In 1912 Rosenwald was asked to serve on the Board of Directors of Tuskegee Institute, a position he held for the remainder of his life. Rosenwald endowed Tuskegee so that Washington could spend less time fundraising and more...

Washington's long-term adviser, Timothy Thomas Fortune (1856–1928), was a respected African-American economist and editor of the The New York Age, the most widely read newspaper in the black community within the...

In an effort to inspire the "commercial, agricultural, educational, and industrial advancement" of African Americans, Washington founded the National Negro Business League (NNBL) in...

When Washington's second autobiography, Up From Slavery, was published in 1901, it became a bestseller and had a major effect on the African-American community, its friends and allies. In October 1901 President Theodore...

"so saturated with the odor of the nigger that the rats have taken refuge in the stable", and declared "I am just as much...

Austro-Hungarian ambassador to the United States Ladislaus Hengelmüller von Hengervár, who was visiting the White House on the same day, claimed to have found a rabbit's foot in...

Despite his travels and widespread work, Washington remained as principal of Tuskegee. Washington's...

His death was believed at the time to have been a result of congestive heart failure, aggravated by overwork. In March 2006, with the permission of...

At his death Tuskegee's endowment exceeded $1.5 million. Washington's greatest life's work, the education of...

For his contributions to American society, Washington was granted an honorary master's degree from Harvard University in 1896 and an honorary doctorate from Dartmouth...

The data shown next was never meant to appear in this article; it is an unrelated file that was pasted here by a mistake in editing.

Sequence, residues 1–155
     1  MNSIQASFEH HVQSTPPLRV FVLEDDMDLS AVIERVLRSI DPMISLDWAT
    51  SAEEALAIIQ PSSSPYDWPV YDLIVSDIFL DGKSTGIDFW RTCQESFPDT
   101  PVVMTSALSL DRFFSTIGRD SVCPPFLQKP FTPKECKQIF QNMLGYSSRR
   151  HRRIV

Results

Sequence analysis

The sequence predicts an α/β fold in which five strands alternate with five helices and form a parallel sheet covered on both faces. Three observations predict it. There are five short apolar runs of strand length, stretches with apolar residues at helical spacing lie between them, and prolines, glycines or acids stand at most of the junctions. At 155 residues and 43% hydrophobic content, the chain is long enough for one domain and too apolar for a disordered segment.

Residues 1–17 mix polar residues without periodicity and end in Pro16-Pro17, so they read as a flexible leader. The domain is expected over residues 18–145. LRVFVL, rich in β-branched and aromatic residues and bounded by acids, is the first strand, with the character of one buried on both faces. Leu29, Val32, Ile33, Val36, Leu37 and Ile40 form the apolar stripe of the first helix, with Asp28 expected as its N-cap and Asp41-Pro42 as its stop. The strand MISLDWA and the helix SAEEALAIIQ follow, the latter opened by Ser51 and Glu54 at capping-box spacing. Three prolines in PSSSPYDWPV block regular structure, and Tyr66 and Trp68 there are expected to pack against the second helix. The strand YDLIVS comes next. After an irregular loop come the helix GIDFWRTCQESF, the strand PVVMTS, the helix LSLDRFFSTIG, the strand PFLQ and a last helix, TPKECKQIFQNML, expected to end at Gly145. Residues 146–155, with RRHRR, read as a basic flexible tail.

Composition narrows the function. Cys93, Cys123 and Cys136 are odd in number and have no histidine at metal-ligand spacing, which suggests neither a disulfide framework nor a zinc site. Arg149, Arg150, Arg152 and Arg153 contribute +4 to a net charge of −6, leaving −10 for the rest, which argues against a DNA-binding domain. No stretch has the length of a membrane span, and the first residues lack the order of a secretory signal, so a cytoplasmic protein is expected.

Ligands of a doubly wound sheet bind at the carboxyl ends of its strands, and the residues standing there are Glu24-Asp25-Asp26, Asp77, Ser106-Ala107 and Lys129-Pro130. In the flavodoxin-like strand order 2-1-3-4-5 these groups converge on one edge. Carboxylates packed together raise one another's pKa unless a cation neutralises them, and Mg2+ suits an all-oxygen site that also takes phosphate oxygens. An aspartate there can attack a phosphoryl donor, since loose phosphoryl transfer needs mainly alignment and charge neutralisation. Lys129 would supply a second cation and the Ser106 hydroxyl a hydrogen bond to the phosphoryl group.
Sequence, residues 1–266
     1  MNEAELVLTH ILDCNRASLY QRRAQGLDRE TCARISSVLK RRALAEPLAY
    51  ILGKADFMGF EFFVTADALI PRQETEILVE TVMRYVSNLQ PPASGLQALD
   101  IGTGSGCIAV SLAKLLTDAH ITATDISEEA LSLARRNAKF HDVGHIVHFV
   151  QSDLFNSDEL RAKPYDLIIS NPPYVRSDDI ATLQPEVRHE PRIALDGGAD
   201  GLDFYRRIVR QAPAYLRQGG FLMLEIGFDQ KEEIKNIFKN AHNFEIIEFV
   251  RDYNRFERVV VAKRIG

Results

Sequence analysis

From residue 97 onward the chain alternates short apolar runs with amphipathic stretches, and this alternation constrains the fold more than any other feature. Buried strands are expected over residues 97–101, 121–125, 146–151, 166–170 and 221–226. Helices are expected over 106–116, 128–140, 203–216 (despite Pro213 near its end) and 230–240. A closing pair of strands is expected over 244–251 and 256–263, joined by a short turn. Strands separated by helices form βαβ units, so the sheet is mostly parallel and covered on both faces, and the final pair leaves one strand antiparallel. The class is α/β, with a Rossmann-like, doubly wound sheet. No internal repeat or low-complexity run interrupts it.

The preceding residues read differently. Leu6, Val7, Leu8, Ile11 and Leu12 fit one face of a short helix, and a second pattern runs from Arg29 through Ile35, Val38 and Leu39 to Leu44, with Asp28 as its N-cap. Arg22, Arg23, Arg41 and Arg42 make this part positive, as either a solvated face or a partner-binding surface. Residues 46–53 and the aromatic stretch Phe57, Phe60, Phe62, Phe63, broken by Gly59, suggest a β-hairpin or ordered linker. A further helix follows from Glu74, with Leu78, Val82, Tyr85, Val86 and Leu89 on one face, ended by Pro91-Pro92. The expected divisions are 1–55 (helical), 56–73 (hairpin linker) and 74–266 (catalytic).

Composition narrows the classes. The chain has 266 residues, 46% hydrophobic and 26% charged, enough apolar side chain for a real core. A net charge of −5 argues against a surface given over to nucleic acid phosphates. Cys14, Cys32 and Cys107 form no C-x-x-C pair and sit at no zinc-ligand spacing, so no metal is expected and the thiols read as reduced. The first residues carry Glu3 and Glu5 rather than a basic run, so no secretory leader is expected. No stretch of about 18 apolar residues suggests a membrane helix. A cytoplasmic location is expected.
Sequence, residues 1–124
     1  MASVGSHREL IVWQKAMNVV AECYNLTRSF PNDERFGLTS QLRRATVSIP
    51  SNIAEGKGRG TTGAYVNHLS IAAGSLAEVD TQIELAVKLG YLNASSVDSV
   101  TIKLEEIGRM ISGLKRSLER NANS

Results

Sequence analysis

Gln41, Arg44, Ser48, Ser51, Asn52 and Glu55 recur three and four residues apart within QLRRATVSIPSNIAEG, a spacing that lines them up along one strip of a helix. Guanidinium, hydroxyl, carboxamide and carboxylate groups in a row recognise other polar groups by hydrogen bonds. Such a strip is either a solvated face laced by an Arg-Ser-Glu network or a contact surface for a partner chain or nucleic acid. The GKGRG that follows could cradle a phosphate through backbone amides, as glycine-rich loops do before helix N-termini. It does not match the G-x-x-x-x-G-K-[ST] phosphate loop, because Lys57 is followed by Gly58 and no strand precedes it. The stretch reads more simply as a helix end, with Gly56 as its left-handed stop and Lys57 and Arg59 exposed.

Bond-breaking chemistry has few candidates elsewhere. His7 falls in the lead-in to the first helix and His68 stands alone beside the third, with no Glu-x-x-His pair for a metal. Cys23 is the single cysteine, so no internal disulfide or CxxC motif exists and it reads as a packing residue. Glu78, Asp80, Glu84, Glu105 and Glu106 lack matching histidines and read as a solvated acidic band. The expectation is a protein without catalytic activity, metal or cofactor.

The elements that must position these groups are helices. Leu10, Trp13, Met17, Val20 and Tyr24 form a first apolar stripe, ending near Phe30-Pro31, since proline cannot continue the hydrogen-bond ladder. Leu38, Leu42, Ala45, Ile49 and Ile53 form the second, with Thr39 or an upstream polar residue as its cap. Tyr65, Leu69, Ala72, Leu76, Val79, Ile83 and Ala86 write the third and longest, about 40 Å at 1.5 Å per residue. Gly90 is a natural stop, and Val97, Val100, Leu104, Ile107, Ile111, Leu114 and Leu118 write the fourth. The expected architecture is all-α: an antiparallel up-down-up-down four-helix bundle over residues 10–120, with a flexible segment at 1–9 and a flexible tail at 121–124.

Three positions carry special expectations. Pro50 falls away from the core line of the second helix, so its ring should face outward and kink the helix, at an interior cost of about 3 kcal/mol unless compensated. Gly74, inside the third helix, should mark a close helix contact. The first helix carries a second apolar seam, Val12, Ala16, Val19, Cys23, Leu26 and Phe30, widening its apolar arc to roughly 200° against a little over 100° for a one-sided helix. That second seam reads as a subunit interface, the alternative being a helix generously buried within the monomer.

At the end of the 2008 presidential election, the defeated Republican candidate, Senator John McCain, referred to Washington's...

On April 7, 1940, Washington became the first African American to be depicted on a United States postage stamp. Several years later, he was honored on the first coin to feature an African American, the Booker T....

On April 5, 1956, the hundredth anniversary of Washington's birth, the house where he was born in Franklin County, Virginia, was designated as the Booker...

In 1984 Hampton University dedicated a Booker T. Washington Memorial on campus near the historic Emancipation Oak,...

On October 19, 2009, West Virginia State University dedicated a monument to the memory of noted African American educator and statesman Booker T....

Washington was held in high regard by business-oriented conservatives, both white and black. Historian Eric Foner argues that the freedom...

Washington repudiated the abolitionist emphasis on unceasing agitation for full equality, advising blacks that it was counterproductive to fight segregation at this...

Historians since the late 20th century have been divided in their characterization of Washington: some describe him as a visionary capable of...

People called Washington the "Wizard of Tuskegee" because of his highly developed political skills, and his creation of a nationwide political machine based on the black middle class, white philanthropy, and Republican...